In addition, the settlement will offer class members two options. The first option is designed to help class members correct mistakes in their criminal history records, to help ensure that they are not rejected by future employers based on incorrect information. A portion of the settlement fund will be used to set up a “Records Assistance Program” for this purpose, which will be administered by Cornell University’s College of Industrial and Labor Relations. The second option involves a notification procedure from the Census Bureau designed to give class members advance notice and information related to hiring for the temporary jobs which will become available for the 2020 census.
Kristen Clarke, president and executive director of the Lawyers’ Committee for Civil Rights Under Law, said, “We must eliminate discriminatory and unfair barriers to reentry faced by people with criminal histories. This important settlement helps send a strong message to other employers that no job seeker should be automatically excluded from consideration for a job solely because of a criminal record.”
Ossai Miazad, attorney for the plaintiffs and the head of the discrimination and retaliation practice group at Outten & Golden LLP, said, “This settlement commits the federal government, the nation’s largest employer, to a hiring process for one of its largest and most important operations – the decennial census – that does not unfairly and arbitrarily deny access to jobs to millions of Americans who have had some interaction with the criminal justice system.”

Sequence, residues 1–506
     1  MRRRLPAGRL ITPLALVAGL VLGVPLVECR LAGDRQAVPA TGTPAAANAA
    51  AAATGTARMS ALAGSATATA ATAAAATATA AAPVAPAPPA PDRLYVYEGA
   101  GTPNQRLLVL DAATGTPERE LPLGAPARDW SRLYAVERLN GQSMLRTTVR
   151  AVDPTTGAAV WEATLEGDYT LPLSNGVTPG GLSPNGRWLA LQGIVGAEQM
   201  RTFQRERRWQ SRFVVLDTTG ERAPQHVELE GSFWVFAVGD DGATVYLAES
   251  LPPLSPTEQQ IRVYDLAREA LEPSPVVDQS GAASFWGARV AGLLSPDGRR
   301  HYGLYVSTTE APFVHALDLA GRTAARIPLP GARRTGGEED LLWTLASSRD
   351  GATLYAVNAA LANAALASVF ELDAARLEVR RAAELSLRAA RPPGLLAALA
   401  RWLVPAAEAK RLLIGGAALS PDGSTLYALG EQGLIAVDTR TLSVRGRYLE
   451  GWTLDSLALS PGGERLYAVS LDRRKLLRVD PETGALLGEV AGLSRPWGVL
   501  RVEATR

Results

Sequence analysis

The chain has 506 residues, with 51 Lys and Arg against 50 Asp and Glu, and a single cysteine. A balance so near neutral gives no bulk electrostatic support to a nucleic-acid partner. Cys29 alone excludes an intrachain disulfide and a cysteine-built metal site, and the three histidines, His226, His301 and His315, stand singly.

Miazad added, “We anticipate that both private companies and government agencies will develop new ways to weigh employers’ need to ensure that applicants with criminal records will have a fair chance when they seek employment opportunities, both to their benefit, the benefit of their communities, and to the general as employment of those with past records has been shown to greatly reduce recidivism.”
The legal team for the plaintiffs includes Mr. Klein, Justin M. Swartz, Lewis M. Steel, Ms. Miazad, Sally J. Abrahamson, and Deirdre Aaron, of Outten & Golden LLP; Sharon Dietrich of Community Legal Services of Philadelphia; Judy Whiting of Community Service Society of New York; Robert T. Coulter, of the Indian Law Resource Center, of Helena, Mont.; Jackson Chin of LatinoJustice PRLDEF, of New York; Ray P. McClain of the Lawyers Committee for Civil Rights Under Law, of Washington, D.C.; and Darius Charney of the Center for Constitutional Rights of New York.
The named plaintiffs in the case are Anthony Gonzalez, of Riverview, Fla.; Precious Daniels, of Detroit, Mich.; Alexis Mateo, of New York; Chynell Scott, of Philadelphia; Scotty Desphy, of Philadelphia; and Edward Zahnle, of Portland, Ore. The two original named plaintiffs who initiated this lawsuit were Evelyn Houser, of Philadelphia, and Eugene Johnson, of New York.
The plaintiffs’ legal team recognizes the extraordinary assistance of mediator Hunter R. Hughes, III, of Atlanta, and the named plaintiffs Ms. Houser and Mr. Johnson, both of whom passed away during the pendency of this lawsuit.
The case is “Anthony Gonzalez, et al., v. Penny Pritzker, Secretary, U.S. Department of Commerce,” No. 1:10-cv-03105-FM, in the U.S. District Court, Southern District of New York.
UPDATE: Text of the final approval order is available here.
Media Contact: Erin Powers, Powers MediaWorks LLC, for Outten & Golden LLP, 281.703.6000, @email.